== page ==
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COVID-19 brews trouble for tea, disrupts supply as demand spikes

COVID-19 brews trouble for tea, disrupts supply as demand spikes

A woman harvests tea at a plantation in India. (File photo: AFP/Biju Boro)

MUMBAI: The COVID-19 outbreak is causing a rare stir in the usually staid global tea market, with labour lockdowns stifling supplies just as millions in lockdown drive up demand for the beverage known for its immunity-boosting properties.

Five countries - China, India, Kenya, Sri Lanka and Vietnam - account for 82 per cent of global tea exports, but strict restrictions on movement to contain the coronavirus pandemic have already disrupted the key leaf-picking season, delayed some shipments by about a month and triggered a spike in prices.

Fewer pickers combined with colder-than-normal temperatures last month are expected to trim output in top producer China this year, while production in No. 2 grower India and Sri Lanka have also been impacted by labour and weather issues.

India's output is likely to drop by 120 million kgs or 9 per cent in 2020 as the lockdown initially forced plantations to suspend plucking during the opening harvest - the prized first flush - and then operate with about half the workforce, said Prabhat Bezboruah, chairman of India's Tea Board.

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The International Tea Committee (ITC) estimates India's 2020 exports will fall 7 per cent.

In March, exports from India slumped 34 per cent and nearly halved from Sri Lanka, India's Commerce Ministry and tea brokers say.

The bright spot is Kenya, the world's top exporter, which has seen minimal interruption to harvest since March and, according to ITC, may see domestic output rise by 15 per cent this year.

Vietnam's output is also expected to be largely unaffected, but it is a relatively smaller player.

Still, importers have already started feeling the pinch amid dwindling supplies from South Asia.

"Shipments from India have been delayed by an average of one month, and we have also experienced delays in the supply of tea from other countries, in particular Sri Lanka," said Orimi trade, Russia's leading tea manufacturer.

Prices for raw tea, which Russia imports, jumped as much as 30 per cent from pre-lockdown levels.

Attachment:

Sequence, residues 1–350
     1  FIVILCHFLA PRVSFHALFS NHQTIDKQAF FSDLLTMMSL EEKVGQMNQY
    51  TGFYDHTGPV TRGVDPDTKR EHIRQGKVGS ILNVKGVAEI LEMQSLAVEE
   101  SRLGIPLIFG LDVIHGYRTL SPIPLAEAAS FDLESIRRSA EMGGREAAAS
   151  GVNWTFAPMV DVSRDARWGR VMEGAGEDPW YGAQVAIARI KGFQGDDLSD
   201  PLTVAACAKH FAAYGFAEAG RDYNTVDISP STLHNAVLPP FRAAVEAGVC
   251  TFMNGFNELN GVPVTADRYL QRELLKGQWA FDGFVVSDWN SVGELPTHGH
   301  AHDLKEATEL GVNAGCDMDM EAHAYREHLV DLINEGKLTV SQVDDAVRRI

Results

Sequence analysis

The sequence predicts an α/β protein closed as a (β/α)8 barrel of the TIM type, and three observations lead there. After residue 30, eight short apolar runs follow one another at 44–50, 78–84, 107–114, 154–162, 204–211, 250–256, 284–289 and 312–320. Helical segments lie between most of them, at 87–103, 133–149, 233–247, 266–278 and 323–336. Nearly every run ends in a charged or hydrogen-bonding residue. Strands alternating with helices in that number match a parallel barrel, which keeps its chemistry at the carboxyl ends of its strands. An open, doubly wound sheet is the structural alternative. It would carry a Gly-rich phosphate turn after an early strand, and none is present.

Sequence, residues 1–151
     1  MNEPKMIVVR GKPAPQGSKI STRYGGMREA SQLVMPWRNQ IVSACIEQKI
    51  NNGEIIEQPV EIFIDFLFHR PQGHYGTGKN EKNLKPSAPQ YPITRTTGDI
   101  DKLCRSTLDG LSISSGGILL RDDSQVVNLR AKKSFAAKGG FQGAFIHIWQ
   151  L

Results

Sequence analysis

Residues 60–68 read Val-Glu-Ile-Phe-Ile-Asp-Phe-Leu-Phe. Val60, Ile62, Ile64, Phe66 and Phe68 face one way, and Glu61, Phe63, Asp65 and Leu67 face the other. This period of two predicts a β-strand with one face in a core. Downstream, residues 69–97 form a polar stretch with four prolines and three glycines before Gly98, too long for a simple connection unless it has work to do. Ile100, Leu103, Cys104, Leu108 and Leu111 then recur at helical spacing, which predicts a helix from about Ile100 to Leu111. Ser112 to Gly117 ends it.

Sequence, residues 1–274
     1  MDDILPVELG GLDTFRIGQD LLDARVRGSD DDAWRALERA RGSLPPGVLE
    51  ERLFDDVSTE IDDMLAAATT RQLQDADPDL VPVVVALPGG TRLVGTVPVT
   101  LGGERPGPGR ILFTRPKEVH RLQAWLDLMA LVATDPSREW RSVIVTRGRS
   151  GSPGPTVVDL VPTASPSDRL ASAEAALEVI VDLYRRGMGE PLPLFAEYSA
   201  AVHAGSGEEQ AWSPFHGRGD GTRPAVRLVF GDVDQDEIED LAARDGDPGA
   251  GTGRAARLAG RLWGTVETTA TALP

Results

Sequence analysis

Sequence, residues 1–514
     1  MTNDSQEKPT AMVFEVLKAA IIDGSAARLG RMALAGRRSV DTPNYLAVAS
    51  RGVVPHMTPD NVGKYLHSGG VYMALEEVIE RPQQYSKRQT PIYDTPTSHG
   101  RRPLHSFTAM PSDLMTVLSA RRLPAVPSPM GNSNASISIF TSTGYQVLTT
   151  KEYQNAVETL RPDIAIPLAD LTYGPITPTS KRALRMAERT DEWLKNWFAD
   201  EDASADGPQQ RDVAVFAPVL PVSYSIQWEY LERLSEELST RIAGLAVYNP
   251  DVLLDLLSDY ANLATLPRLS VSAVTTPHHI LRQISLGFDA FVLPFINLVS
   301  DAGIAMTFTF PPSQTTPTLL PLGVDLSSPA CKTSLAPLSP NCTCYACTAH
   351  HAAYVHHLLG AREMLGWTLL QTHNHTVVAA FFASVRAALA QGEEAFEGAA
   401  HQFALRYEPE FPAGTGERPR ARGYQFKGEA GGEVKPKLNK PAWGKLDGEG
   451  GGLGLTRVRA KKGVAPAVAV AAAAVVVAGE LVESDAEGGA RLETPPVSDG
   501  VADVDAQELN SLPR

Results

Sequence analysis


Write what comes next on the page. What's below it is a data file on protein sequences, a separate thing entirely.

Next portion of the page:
Plantations have struggled to collect the first flush crop in Darjeeling Hills, known for the world's most expensive tea, as India ordered its 1.3 billion people indoors until May 3 so its modest public health system does not collapse under the weight of infections that have crossed 31,000.

Production from the second flush is set to drop more than 10 per cent, and later flushes will not compensate for those losses, said Kaushik Basu, secretary of the Darjeeling Tea Association.

In India, the first flush usually begins in March, while the second flush starts in May.

A shortage of truckers amid travel restrictions is also delaying movement to auctions and ports, said Nazrana Ahmed, chairman of Assam Tea Planters Association (ATPA).

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"Very few trucks are available, and they are taking a week instead of three days to transport tea" to Kolkata in east India from Assam in the country's northeast, she added.

Less labour also means more bush overgrowth, which will hit later crop potential, tea garden owner Rajib Barooah said.

These problems have created a shortage of fresh supplies and lifted last season's crop prices to a rare premium, said Kalyan Sundaram, secretary of the Calcutta Tea Traders' Association.

At a recent auction, buyers paid a third more than the previous auction in Assam, India's top tea-producing state, he said, indicating strong demand.

In Sri Lanka, tea production was down nearly a quarter due to an earlier drought, and the virus is now affecting exports, said Jayampathy Molligoda, chairman of the Sri Lanka Tea Board.

Turkey, the world's top tea consumer per capita, is usually self-sufficient in production but faces its own labour shortage.

Local producers say they usually rely on migrant workers from areas like Georgia and Azerbaijan, but that this year they will have to use inexperienced locals which may cut supplies.


The stifled supplies come just as global demand for food and beverages has risen with the pandemic confining people indoors.

Also, the world's most consumed drink after water is emerging as the preferred choice for many given its low caffeine content and other health benefits.

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"Demand for tea is higher than it was ... tea in Russia has an image of a thing that, combined with lemon, boosts the immunity system," said Ramaz Chanturiya, at the Rusteacoffee lobby. Russia, which has reported more than 93,000 coronavirus cases and over 800 deaths, is a major tea importer.

That said, industry participants and ITC do not expect the hot tea trend to last in the long term as major exporting countries had excess supply in 2019, although the demand-supply balance is likely to be disrupted in the shorter term.

"Tea prices were depressed for the last few years. The current supply disruption could provide much needed support," said Ahmed from ATPA.

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Source: CNA/zl


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